TWF – Mark Eaton Owns the Basket

As always, it’s time for another edition of…secondary-logo

The Weekly Fives

What is the one surefire way in basketball to instill fear into the hearts of your opponents? to completely deny them the chance to score? What is the one way to singlehandedly prevent a shot from going into the basket? That’s right – blocks. Blocking may be the most exciting stat in basketball behind points, as it is not only thrilling to watch, but can make a huge difference in the success of a team. A big man who can play above the rim is always welcome on a basketball team, at all levels across the world.

As it stands now, only one player has ever averaged more than five blocks per game over a single season in the NBA. That player, Mark Eaton, a 7’4 monster from UCLA, averaged 5.56 BPG for the Utah Jazz in the 1985 season. Similarly to steals, blocks weren’t actually recorded until the 1973 NBA season, and since then, the big men across the league have been dominant in this category. Behind Eaton, 7’7 mammoth Manute Bol averaged 4.96 BPG for the Wizards in 1986. Currently, Rudy Gobert of the Utah Jazz holds the season high for blocks per game, averaging over 2.5 a game. However, Pelicans power forward Anthony Davis isn’t far behind, at 2.48 BPG.

Locally, Creighton’s Justin Patton, the seven foot Omaha native, has 1.8 BPG to his name. Zach Pirog of Omaha also averages a block per game, an impressive stat at the college level. The blocks leader in the NCAA is Liam Thomas from Nicholls, with an astounding 3.7 blocks per game!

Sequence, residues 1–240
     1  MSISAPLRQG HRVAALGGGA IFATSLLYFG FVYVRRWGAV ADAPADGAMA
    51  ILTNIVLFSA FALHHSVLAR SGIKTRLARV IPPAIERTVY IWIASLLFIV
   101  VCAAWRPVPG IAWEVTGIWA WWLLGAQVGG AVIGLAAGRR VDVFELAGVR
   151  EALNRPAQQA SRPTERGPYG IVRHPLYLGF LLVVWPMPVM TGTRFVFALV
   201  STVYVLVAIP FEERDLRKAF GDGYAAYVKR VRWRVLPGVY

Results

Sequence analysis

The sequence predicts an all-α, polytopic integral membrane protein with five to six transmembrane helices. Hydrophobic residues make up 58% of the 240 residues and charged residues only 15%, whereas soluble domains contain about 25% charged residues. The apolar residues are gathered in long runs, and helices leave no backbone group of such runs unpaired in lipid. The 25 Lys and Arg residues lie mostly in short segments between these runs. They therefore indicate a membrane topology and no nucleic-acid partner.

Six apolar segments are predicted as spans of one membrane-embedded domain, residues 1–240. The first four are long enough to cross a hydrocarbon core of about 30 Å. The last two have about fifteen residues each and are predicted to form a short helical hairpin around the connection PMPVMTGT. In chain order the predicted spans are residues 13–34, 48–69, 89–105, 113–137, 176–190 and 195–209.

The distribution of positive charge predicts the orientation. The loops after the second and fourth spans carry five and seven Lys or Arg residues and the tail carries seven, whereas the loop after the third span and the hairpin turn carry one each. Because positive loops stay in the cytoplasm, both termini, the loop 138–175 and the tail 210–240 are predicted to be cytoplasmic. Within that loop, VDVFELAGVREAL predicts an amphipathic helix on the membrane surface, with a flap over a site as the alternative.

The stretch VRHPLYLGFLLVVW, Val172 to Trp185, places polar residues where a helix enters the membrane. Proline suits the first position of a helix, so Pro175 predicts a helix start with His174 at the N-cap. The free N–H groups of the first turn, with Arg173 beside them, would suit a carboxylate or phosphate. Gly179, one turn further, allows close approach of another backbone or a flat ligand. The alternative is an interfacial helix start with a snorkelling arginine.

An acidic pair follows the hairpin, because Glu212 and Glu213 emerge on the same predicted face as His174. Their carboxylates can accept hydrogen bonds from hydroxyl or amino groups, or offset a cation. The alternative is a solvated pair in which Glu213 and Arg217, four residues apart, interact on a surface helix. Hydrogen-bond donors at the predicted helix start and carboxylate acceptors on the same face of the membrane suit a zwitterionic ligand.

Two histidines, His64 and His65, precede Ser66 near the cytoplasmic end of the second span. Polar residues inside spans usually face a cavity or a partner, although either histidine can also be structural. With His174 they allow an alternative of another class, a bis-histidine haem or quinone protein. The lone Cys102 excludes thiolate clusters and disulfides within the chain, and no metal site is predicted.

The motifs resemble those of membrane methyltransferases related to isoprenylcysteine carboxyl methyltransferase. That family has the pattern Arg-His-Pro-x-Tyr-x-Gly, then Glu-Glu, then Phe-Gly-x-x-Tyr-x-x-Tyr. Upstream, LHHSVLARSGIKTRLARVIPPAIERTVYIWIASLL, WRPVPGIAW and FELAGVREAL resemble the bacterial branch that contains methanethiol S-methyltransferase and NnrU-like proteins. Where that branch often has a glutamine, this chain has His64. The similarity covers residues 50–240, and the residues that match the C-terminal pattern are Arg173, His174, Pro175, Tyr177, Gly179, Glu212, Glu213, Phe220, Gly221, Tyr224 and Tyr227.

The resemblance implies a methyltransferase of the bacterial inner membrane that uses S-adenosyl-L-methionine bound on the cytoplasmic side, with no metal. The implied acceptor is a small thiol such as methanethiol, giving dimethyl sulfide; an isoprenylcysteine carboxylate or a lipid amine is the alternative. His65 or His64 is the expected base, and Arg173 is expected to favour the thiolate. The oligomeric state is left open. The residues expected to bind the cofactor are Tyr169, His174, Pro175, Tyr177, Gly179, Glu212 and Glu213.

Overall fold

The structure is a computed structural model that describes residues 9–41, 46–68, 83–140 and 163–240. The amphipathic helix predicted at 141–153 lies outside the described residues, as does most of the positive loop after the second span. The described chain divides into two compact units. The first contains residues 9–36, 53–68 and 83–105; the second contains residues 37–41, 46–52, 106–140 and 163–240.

On the high school level, both Brady Heiman of Platteview and Jeffrey Widhelm of D.C. West have over 80 blocks on the season, averaging over four per game each. Overall, blocking on the high school level can be very hard, on account of the smaller size of the post players. Also, fouls tend to be called easier on driving plays and fast breaks in high school, negating any possible block attempts along the way. However, these two performers have shown extreme poise in racking up the blocks this season.


  1. Rudy Gobert, Utah Jazz (2.51 BPG)
  2. Anthony Davis, New Orleans Pelicans (2.48 BPG)
  3. Myles Turner, Indiana Pacers (2.19 BPG)
  4. Hassan Whiteside, Miami Heat (2.04 BPG)
  5. Giannis Antetokounmpo, Philadelphia 76ers (2.00 BPG)
  1. Justin Patton, Creighton (1.8 BPG)                                          ncaa-local-logo
  2. Zach Pirog, Omaha (1.0 BPG)
  3. Michael Jacobson, Nebraska (0.96 BPG)
  4. Isaiah Roby, Nebraska (0.96 BPG)
  5. Tre’Shawn Thurman, Omaha (0.81 BPG)
  1. nsaa-logoBrady Heiman, Platteview (4.7 BPG)
  2. Jeffrey Widhelm, Douglas County West (4.3 BPG)
  3. Ed Chang, Papillion-LaVista (3.7 BPG)
  4. Will Gallagher, Kenesaw (3.2 BPG)
  5. Micah Dolnicek, Lawrence-Nelson (3.1 BPG)

(Stats as of 2/12/17)

As always, Home Court Advantage is your place for basketball at all levels.

Logan Skrabal

Senior App Associate, Nebraska

University of Nebraska-Lincoln, COJMC


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